- File Size: 2061 KB
- Print Length: 192 pages
- Publication Date: July 13, 2015
- Sold by: Amazon Digital Services LLC
- Language: English
- ASIN: B011LNFMVQ
- Text-to-Speech: Enabled
- Word Wise: Enabled
- Lending: Enabled
- Amazon Best Sellers Rank: #222,288 Paid in Kindle Store (See Top 100 Paid in Kindle Store)
Rescue Sirens: The Search for the Atavist Kindle Edition
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Top Customer Reviews
I love a few things deeply and intensely. The ocean. Mermaids. Women in first responder lines of work. Strong female friendships. The works of Chris Sanders, whose projects (including Disney’s Mulan, Lilo and Stitch, and Dreamworks’ How to Train Your Dragon) have without fail delighted me. So when I found out that Jessica Steele-Sanders and Chris Sanders had combined all those into one book (with engaging, charming illustrations by Genevieve Tsai), I immediately had to have it.
As a displaced Florida resident missing family and friends on the other side of the country, I finished this story about strong female friendships, longing for the sea, and saving lives in book form, feeling more and more homesick for Florida with every page. Even if I wasn’t from Florida, and very susceptible to a deep longing for that place, Rescue Sirens would still pull me in to that desire for a South Florida sense of belonging.
The character of Kelby, who spends the story undergoing the journey to find home herself, is a pleasant person to follow on that journey. There is something so comforting about Kelby’s journey, not just to find her spiritual home in the sea that has always called to her, but to find a home, a family, a team with which to daily make the world better, safer, than it would be without them. The pull to home, the pull to find the place where you belong, is a deep and powerful pull and to see Kelby achieve it and more is a beautiful fulfillment of that wish.
All the characters, actually, are pleasant people to take the journey with. Each mermaid is distinct and motivated based on her own values and interests, valued for her eccentricities and for her competence. Pippa’s outlandish interests and childlike glee over human culture is never treated as a diminishment of her lifesaving competence. Maris, interested in appearances and achieving the high life, is still a welcoming and friendly face among the group, a supportive maker of smoothies whose drama is an expression of enthusiasm and not a detriment to the group’s unity.
So it might seem surprising when I say that one of the best aspects of the group dynamics is the conflict. There’s no cattiness or conflict for the sake of conflict, as is unfortunately common in a lot of female-populated media. Echo, the particularly confrontational mermaid, has hints at a past informing the chip on her shoulder. We don’t know all the reasons she has to stir the pot, but at least one of them is the high standards she sets for herself and others.
High standards and ambition are the hallmarks of lead mermaid Nim’s character, too. Ambitious for earned leadership and competence at her lifesaving job, Nim strives not just to be the boss, but to be the boss correctly, in the face of real stress and urgency. She encapsulates the lifeguard’s dedication and skill, the positive ambition of making the beach a safer place than it would have been without her. The book is as much about Nim achieving her leadership skills as it is about Kelby, the lost mermaid, coming home.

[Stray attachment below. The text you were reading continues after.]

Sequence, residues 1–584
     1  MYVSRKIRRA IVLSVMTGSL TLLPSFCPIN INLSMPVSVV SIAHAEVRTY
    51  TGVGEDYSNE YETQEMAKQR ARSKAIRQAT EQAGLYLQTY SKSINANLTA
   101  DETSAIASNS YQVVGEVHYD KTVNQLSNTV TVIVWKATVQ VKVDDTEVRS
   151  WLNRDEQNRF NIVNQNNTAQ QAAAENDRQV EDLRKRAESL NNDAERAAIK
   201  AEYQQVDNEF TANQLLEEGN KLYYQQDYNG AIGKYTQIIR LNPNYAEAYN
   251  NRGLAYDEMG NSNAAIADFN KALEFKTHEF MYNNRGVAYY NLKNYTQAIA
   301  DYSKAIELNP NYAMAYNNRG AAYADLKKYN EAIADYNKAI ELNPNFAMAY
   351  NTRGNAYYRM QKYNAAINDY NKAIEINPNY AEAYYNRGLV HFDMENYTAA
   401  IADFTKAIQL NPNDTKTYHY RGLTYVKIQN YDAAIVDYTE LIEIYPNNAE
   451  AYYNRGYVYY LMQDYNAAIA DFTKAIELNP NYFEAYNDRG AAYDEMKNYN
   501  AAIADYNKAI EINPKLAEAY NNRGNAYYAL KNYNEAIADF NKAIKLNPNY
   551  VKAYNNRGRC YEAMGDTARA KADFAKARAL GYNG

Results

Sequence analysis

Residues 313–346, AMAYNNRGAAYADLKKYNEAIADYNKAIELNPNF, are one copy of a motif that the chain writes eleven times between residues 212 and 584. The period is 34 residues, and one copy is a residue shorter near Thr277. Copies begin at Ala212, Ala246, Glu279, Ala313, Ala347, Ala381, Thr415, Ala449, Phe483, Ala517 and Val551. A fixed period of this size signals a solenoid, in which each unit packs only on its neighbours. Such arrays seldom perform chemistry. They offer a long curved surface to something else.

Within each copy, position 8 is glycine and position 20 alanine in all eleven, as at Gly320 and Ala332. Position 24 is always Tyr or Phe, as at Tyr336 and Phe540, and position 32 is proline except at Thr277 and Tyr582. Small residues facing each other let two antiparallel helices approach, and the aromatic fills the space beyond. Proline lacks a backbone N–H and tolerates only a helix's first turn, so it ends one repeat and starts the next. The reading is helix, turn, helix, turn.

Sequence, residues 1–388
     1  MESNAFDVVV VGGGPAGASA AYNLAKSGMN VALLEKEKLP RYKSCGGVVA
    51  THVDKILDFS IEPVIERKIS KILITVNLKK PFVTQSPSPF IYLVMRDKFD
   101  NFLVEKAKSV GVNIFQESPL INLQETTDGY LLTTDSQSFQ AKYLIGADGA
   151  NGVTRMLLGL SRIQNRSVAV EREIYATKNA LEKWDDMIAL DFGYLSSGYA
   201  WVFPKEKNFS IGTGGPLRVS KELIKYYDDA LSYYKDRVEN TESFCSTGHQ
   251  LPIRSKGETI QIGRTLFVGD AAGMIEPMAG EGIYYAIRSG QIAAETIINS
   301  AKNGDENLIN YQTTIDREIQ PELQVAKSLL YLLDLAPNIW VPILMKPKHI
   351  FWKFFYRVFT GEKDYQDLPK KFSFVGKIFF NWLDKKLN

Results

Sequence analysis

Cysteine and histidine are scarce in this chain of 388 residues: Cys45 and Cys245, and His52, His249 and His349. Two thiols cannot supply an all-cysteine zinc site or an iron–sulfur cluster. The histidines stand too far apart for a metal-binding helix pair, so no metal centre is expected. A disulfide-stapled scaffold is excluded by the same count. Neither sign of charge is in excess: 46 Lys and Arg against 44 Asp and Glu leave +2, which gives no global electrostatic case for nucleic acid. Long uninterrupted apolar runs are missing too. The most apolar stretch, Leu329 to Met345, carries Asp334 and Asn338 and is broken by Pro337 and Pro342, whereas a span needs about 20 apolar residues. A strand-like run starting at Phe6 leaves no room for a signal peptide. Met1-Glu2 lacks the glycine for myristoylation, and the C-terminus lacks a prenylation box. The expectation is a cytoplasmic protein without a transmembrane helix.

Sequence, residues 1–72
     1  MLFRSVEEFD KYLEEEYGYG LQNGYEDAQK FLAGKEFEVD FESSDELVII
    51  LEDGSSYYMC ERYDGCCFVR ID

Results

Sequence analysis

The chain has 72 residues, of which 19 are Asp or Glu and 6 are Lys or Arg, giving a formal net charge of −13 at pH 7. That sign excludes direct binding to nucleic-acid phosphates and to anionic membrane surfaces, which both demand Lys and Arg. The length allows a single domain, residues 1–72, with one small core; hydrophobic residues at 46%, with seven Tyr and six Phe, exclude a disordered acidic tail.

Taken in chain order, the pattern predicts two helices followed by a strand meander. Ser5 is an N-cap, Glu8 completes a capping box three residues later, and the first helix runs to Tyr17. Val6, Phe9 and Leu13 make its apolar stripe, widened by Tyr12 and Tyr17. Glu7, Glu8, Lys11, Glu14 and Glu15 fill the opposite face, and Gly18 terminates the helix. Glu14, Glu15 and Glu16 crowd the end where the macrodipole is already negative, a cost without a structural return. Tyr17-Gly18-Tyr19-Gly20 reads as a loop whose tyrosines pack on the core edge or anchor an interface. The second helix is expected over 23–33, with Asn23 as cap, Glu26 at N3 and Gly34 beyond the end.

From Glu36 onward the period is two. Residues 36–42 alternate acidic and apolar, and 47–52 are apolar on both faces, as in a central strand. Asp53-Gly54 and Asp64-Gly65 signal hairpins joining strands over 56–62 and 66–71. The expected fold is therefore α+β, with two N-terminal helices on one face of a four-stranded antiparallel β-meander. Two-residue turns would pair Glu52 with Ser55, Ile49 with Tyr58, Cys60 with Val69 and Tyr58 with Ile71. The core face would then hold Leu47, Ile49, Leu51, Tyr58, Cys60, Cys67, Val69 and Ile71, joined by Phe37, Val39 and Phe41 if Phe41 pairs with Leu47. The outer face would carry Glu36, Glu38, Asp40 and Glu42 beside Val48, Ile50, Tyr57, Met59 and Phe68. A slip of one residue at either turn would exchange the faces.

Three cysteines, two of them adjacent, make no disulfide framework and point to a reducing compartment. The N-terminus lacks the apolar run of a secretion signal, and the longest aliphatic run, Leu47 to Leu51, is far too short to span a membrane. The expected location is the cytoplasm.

The story is refreshingly full of young women supporting each other, challenging each other, thinking of each other as skilled and beautiful and worthwhile. And most of all, Rescue Sirens is full of girls being a righteous emergency-responding life-saving unit. Easily my favorite aspect of Rescue Sirens: Search for the Atavist is watching them have their differences, then put them aside for the sake of the mission. Their team feels so true as a lifesaving unit, a set of competent first responders putting aside panic and differences for the sake of the mission.
The mermaids’ control over whether or not to make legs is refreshing after so much mermaid media that relies on a mermaid’s inability not to grow a tail when splashed to generate drama. There are still rules by which the mermaids must live and can be exposed, but removing the lack of choice in the matter of whether to have a tail or not gives our Rescue Sirens an agency and control that lends itself to greater adventures without losing the urgency and danger of being outed.
The setting itself is huge, open and rich with possibility for future stories. The mermaids’ anatomies are based on real local sea creatures, allowing for a range of diversity and culture through environmental zones across the ocean. The distinct tribes we might encounter in the future, the lives of other groups of Rescue Sirens on beaches across the world, creates a setting rich with magic and diversity, with life-saving magical women everywhere there are beaches to be protected, and oceans to swim in.
I’ve read Rescue Sirens: the Search for the Atavist twice since purchasing it. I will read it several more times, while I wait eagerly for more stories of this delightful world to arrive in my waiting hands.
I can't wait until the next one!
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